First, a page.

6 Best Places to Buy Contact Lenses Online (and Save Money)

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Even with vision benefits, contact lenses can cost you a pretty penny. If you’re looking for affordable contact lenses, you likely know that your eye doctor or local optical shop is probably the most expensive way to buy them. More often than not, you’ll be paying full retail price for your lenses. Instead, you’ll want to buy contact lenses online to get the best deals.

There are many online stores that offer every contact lens brand you can think of, often at discounted prices or with rebates. We’ve rounded up some of the best places to buy contacts online below. I wouldn’t say that any one of them is better than the other, but by shopping around, you can get the most savings and find a store that lets you use your insurance to help offset the cost.

So, ready to ditch the frames and dive in? Here is where you can find contacts at an affordable price.

Best places to buy contact lenses online

Scout by Warby Parker

Shipping Info

Free, takes 5-7 business days (most brands)

Return Policy

30-day hassle-free returns or exchanges on unopened products

Insurance Accepted

Yes

Number of Contacts Brands

Around 8

Warby Parker doesn’t just sell affordable and stylish eyeglasses — the company sells contact lenses too. You can pick from Scout, Warby Parker’s own contact lens brand, or get contacts from Acuvue, Biotrue, Air Optix, Dailies and other major brands.

A three-month supply of Scout daily contacts (a total of 90 lenses) starts at $47, which is a good deal for daily contact lenses. Depending on where you shop and the brand you use, prices online can vary from $60 to $200. You can get a six-day trial pack of Scout contact lenses to see if you like them before committing to a full supply.

Depending on your vision insurance, you may be able to use your benefits to pay for your Warby Parker contacts purchase. If your insurance company doesn’t directly work with Warby Parker, you can instead file a claim with your insurance to be reimbursed for any qualified orders.

Screenshot by Sarah Mitroff/CNET

Shipping Info

$10, takes 5-7 business days

Return Policy

30-day free return

Insurance Accepted

Considered out-of-network by most providers

Number of Contacts Brands

25

Lens.com’s prices are often lower than other shops for prescription contact lenses. It has an impressive selection of brands — including Acuvue, Air Optix, Dailies and Biofinity Toric for astigmatism — plus it takes returns and covers the cost of shipping unopened boxes back.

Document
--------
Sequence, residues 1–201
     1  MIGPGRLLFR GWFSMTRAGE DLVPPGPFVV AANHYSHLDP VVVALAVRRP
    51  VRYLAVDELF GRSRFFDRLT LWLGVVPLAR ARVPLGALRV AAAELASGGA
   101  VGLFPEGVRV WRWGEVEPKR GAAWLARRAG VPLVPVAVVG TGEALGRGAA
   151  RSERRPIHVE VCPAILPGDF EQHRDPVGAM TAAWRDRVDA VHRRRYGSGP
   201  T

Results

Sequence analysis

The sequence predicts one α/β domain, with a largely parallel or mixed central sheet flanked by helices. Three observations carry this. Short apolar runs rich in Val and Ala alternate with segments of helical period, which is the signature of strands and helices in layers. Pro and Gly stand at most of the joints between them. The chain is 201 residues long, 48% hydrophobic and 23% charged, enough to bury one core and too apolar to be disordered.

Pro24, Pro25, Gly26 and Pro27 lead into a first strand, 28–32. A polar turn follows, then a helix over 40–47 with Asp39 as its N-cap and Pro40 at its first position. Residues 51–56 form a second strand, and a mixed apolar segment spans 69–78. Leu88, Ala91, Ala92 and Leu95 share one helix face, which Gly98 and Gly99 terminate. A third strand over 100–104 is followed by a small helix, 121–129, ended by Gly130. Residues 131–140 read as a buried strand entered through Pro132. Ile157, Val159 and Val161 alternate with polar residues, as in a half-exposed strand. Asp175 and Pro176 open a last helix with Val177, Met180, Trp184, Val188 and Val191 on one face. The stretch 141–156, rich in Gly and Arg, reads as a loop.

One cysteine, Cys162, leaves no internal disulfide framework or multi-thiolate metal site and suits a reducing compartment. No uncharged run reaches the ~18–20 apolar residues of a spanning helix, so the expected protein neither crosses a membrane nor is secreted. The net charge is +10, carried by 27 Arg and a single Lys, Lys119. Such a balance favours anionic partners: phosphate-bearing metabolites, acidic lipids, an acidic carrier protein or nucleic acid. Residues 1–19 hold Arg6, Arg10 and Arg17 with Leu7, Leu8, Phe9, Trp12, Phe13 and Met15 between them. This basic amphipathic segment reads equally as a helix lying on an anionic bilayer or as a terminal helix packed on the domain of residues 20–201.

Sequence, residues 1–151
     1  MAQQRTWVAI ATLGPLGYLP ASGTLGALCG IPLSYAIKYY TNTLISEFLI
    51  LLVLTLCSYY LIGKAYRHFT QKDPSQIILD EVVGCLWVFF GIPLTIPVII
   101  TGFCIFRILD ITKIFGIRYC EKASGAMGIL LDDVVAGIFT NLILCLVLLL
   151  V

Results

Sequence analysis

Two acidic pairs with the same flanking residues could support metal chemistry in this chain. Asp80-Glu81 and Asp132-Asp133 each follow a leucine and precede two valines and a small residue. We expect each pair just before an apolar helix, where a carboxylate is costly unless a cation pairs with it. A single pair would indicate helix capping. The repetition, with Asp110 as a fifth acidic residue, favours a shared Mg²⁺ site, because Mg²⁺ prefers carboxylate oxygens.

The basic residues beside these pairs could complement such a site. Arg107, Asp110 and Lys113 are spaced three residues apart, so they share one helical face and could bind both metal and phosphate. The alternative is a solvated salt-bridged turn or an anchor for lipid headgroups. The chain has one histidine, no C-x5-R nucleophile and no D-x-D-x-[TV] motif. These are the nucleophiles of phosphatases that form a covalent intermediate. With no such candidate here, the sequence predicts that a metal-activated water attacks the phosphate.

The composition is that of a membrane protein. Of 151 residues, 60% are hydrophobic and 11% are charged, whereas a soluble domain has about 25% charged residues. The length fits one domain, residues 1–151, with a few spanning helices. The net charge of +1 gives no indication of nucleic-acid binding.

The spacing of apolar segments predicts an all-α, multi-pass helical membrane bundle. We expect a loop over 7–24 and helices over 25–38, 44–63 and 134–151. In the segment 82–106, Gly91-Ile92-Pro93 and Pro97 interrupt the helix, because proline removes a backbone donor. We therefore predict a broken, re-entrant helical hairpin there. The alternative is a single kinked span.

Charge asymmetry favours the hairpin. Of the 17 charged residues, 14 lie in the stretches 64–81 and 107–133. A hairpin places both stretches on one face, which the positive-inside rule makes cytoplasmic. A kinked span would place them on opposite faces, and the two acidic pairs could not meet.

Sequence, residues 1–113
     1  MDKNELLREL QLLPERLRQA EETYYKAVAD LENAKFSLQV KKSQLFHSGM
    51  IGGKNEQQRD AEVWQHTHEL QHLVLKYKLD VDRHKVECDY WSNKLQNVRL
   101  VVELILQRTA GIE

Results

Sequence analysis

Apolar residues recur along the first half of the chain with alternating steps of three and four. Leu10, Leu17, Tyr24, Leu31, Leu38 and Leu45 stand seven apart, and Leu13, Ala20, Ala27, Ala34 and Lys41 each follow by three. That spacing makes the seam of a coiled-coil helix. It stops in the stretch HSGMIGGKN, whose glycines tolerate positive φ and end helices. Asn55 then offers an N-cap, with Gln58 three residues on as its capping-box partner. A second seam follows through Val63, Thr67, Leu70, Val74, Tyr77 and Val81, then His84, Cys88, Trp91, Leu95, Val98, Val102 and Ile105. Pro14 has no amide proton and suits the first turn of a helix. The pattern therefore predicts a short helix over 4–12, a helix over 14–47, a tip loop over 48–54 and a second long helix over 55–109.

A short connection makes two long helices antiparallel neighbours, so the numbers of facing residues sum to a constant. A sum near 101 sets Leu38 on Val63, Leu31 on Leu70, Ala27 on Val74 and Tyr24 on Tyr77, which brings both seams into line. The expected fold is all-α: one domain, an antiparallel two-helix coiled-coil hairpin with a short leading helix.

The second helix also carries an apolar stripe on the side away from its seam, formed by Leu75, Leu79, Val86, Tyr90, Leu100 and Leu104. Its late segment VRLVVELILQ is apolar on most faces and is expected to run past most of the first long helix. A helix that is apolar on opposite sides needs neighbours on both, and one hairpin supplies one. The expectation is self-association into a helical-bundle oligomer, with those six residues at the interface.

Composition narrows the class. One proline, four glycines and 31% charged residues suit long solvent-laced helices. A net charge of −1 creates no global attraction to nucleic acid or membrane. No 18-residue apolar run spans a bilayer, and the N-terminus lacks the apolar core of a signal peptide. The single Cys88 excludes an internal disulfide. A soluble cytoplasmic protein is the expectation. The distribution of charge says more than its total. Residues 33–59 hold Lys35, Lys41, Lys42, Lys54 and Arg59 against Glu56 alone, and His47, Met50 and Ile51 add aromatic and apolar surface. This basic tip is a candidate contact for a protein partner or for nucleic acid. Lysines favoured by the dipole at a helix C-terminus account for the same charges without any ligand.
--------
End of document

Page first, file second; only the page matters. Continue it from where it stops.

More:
Lens.com is an out-of-network provider for vision insurance, so you can’t use your benefits to directly pay for your order. However, you can submit the receipt to your insurance company for reimbursement/ (Always check with your insurance company to see what it covers.)

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Screenshot by Sarah Mitroff/CNET

Shipping Info

Free, takes 5-7 business days

Return Policy

Free returns and exchanges on unopened products (or if prescription changes)

Insurance Accepted

Yes

Number of Contacts Brands

11

As one of the best-known contacts stores, 1800Contacts stocks all of the most popular brands, and you can even get hard contacts through its call center. One CNET editor praised the company for providing customer service that went above and beyond.

1800Contacts price-matches any competitor, so if you find a better price, you can let the company know and it will do its best to match it (with some restrictions).

Like Lens.com, you can text or email your contact lens prescription, which speeds up the ordering process. 1800Contacts also offers discount contact lenses for students and free shipping on all orders, and allows you to update your prescription through an online test (only available for adults between 18 and 55 years old). You can also buy colored contact lenses from 1800Contacts. If you need to exchange your unopened lenses for any reason, 1800Contacts will cover the shipping cost. 

Accepts vision insurance with a valid prescription.

Screenshot by Sarah Mitroff/CNET

Shipping Info

Free, takes 7-10 business days

Return Policy

Free 6-month return on unopened products

Insurance Accepted

Yes

Number of Contacts Brands

14

A popular source for cheap contact lenses among my fellow CNET editors is ContactsDirect, because it often sends out coupon codes to customers. It has a wide selection of lens type options, including multifocal lenses, colored contacts, soft contact lenses for dry eyes and toric lenses for astigmatism. 

ContactsDirect offers returns on products that were purchased within one year if your eye vision changes and you need a vision correction from your doctor. ContactsDirect (and 1800Contacts) also sells contact lens solution.

Accepts vision insurance.

Screenshot by Sarah Mitroff/CNET

Shipping Info

Free, takes 8 business days

Return Policy

30-day free returns or exchanges

Insurance Accepted

Yes

Number of Contacts Brands

20

Eyeconic has a wide array of contact lens brands to choose from, including Acuvue, Air Optix, Biotrue by Bausch and Lomb and Extreme H2O. Like others on this list, it offers free shipping and free returns.